Parking proximity – You can never park close enough.

Alec Baldwin has recently pleaded guilty to second degree harassment for a fight over a NYC parking spot.

The Hollywood actor was accused of trying to punch another driver during a row outside his apartment building in Manhattan.

This behaviour and sense of ownership towards parking has always baffled me.

Ultimately parking is within a public domain, unless a space is allocated for me, I have the clear expectation that I might not be able to find a space.  Yes it is frustrating but that is ultimately the rules of the game.

People who get adamant about the spot closest to their house? Well that’s a different story.

Look at it this way, there is always a distance you have to travel to get to your house from your car.  Even if you could park directly on the drive, you still have to get out and walk to your front door.  No parking space will ever offer you the freedom of being able to roll out of your driver’s seat and onto your sofa!

The best practice I find for this and a lot of situations in life is to reverse engineer it.  Start from the worst case scenario and work down from there.

For instance, I once parked on a single yellow line in Central London for an entire day.  Certain that the restrictions didn’t apply as it was bank holiday, I was blindly naive to the fact that some councils have a different approach to bank holidays.  My friend posted about this tactic by local authorities, and being some distance from my cab, I accepted the fact that I was probably going to get a ticket.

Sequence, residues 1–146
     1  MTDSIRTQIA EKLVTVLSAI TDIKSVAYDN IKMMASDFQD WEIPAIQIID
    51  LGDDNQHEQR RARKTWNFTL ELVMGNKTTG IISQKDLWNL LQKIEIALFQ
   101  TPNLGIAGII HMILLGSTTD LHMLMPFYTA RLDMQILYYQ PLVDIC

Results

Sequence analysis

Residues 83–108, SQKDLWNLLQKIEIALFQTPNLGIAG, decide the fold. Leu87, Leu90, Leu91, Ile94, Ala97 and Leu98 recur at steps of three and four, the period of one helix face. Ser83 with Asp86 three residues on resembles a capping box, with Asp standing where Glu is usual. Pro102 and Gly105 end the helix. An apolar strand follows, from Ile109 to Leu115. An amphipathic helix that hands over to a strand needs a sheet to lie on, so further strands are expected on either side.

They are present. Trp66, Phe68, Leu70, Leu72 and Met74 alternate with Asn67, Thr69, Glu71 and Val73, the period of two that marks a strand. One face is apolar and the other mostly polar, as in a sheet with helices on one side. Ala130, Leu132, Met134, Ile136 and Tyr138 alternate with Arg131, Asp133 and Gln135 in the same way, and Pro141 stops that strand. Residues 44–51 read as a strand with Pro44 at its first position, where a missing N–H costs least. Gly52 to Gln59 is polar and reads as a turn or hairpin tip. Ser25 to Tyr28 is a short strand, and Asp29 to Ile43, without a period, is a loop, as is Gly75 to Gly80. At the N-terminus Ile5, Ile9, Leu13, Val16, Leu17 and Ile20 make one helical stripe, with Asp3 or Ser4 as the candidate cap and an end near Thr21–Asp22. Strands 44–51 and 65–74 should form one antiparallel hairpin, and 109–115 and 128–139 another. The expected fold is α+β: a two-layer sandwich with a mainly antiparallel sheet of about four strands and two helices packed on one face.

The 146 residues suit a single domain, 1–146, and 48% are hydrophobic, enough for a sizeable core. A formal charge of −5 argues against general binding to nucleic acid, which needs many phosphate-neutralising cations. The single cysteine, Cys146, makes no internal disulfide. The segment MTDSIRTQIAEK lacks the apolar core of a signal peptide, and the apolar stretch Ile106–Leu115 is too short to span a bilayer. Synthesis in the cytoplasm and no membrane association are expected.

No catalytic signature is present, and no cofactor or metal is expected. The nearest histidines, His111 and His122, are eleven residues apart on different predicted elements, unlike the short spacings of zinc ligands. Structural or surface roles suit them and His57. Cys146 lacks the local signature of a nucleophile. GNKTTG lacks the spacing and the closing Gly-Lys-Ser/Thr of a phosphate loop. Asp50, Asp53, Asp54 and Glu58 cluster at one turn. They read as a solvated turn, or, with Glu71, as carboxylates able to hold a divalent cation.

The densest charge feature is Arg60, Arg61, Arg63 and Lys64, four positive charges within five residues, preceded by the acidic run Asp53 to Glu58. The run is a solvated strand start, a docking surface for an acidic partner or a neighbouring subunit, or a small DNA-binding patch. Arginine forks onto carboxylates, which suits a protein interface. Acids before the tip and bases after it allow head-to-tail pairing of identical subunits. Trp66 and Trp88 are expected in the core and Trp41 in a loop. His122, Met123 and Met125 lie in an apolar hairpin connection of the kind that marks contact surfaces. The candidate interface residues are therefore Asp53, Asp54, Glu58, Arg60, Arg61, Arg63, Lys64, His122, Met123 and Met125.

Initially enraged at the situation, I was able to let this fizzle out.  In my mind I visualised that I had received a £60 fine, it had been paid and my life went on as normal, that’s the worse case scenario.

Upon arriving back at my cab, I was very surprised to not see a yellow fixed penalty notice adhered to my windscreen.  Rather than hoping for the best, preconditioning myself for the worst actually gave me great joy upon the realisation that I didn’t have a parking ticket.

Accept that there is a non-negotioable cost to your parking space (a short walk from the driver’s seat to your office), no parking space can ever void this cost.  Maybe, park even further from where you intend to park, enjoy the walk and the brief moment of freedom before you have to sit at your desk, or before you enter your home full of chores and never ending tasks.  That walk might be one of the more exciting and free moment’s of your day.